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Ocean Acidification 101

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Ocean acidification refers to the ongoing change in the chemistry of the ocean caused primarily by the ocean’s absorption of carbon dioxide from the atmosphere. For the last 250 years, the burning of fossil fuels — coal, oil, natural gas — for energy, cement production, and deforestation has been pumping carbon dioxide or CO2, into the atmosphere. The ocean absorbs about 1/4 of this excess CO2 released into the atmosphere every year. This addition of CO2 into the ocean is changing the chemistry of seawater by increasing the acidity and lowering the seawater’s naturally occurring carbonate ion. CO2, when combined with water, forms a weak acid, which increases the hydrogen ion concentration in the ocean, lowering the pH and making the oceans less alkaline or more acidic. As the ocean becomes less alkaline there is a reduction in the amount of carbonate ions and calcium carbonate minerals, biologically important building blocks for many marine organisms.

Calcifiers—organisms with shells or skeletons made from calcium carbonate—are among the most abundant forms of marine life. Ranging from tiny plankton species such as pteropods and foraminifera that form the basis of marine food chains, to the vast coral reefs that provide habitat for many ocean animals, calcifiers are an essential part of many marine ecosystems.  As ocean acidification decreases the availability of carbonate ions, these organisms must work harder to produce shells. As a result, they have less energy left to find food, to reproduce, or to defend against disease or predators. As the ocean becomes more acidic, populations of some species could decline, and others may even go extinct. This threat is real!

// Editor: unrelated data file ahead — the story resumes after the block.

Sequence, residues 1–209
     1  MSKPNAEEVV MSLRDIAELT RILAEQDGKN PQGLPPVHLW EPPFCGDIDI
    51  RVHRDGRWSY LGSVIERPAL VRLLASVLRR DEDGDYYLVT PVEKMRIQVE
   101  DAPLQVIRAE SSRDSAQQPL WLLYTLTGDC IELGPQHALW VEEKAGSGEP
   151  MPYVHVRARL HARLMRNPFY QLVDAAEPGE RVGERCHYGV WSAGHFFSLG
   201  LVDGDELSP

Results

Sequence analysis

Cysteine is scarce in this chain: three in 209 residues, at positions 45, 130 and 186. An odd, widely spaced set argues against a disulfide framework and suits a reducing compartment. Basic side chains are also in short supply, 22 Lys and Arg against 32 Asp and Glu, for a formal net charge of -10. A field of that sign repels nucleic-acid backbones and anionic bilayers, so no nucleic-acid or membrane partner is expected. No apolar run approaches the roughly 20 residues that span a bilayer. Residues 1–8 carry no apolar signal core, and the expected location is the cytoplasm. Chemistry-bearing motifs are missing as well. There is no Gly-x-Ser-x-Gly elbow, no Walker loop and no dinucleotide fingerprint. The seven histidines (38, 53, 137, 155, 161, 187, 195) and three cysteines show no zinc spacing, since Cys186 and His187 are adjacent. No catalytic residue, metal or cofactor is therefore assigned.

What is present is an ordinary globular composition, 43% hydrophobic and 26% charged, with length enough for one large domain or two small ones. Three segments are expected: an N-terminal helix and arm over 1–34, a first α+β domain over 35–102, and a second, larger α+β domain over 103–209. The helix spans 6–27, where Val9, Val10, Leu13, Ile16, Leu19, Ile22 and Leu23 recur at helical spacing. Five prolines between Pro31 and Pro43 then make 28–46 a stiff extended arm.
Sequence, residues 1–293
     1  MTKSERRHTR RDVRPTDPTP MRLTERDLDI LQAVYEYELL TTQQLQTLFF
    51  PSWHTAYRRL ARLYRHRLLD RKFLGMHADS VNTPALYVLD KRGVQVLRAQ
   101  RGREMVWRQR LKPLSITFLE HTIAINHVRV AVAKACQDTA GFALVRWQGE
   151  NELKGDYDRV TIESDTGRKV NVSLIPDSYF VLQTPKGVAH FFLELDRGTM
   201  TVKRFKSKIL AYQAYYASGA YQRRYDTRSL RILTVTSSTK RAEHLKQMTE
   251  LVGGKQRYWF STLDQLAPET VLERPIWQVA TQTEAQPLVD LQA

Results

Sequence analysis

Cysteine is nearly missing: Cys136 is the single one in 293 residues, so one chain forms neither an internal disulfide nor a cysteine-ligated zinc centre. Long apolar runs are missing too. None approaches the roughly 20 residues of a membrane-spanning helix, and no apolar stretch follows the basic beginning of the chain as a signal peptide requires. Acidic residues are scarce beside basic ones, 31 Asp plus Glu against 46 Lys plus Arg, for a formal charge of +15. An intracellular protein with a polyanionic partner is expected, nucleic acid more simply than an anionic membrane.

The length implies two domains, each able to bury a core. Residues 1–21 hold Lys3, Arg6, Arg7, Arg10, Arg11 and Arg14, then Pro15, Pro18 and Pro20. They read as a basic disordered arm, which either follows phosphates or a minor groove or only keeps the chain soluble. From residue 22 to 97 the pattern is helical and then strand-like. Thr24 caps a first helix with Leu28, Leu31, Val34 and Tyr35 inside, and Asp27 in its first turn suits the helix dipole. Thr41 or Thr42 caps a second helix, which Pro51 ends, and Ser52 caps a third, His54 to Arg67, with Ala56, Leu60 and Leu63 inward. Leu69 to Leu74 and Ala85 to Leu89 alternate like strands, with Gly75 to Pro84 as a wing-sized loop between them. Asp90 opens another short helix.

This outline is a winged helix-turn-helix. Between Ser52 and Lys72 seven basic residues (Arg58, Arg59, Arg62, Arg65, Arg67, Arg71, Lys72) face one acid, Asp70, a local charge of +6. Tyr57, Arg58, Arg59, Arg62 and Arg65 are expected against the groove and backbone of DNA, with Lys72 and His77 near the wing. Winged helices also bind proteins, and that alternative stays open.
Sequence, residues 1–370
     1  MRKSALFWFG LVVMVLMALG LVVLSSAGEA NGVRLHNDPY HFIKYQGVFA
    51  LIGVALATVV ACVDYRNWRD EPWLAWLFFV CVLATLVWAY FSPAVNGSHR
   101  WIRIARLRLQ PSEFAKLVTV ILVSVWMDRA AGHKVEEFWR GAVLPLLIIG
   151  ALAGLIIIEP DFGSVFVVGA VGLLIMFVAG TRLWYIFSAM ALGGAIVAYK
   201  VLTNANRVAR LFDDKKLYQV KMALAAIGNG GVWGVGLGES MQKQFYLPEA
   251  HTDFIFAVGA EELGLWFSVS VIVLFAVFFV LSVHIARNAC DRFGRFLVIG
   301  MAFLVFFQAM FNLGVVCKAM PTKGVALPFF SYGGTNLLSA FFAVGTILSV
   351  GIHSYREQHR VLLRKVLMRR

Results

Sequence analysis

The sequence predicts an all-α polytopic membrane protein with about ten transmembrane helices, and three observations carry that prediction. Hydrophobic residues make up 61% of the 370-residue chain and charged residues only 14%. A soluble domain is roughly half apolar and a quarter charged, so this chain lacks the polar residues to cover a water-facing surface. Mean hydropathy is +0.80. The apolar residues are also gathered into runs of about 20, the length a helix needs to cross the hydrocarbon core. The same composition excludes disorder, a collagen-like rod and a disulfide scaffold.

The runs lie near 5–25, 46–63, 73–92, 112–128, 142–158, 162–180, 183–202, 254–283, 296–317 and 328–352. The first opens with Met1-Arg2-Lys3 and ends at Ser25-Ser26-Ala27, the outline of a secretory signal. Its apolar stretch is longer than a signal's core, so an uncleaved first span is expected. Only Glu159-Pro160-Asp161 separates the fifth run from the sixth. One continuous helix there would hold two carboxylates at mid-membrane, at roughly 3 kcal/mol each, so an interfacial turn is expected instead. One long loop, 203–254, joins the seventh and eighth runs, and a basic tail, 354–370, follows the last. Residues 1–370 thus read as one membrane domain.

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Many species known to be vulnerable to ocean acidification play critical roles in ecosystems, such as the corals and seagrasses that form habitat for diverse communities of organisms. When ocean acidification triggers even a relatively subtle change in an organism’s performance, it can scale up to a change in the size of the population (e.g. through changes in survival, growth, or reproductive success), altering the composition of an ecological community, and potentially the entire marine ecosystem.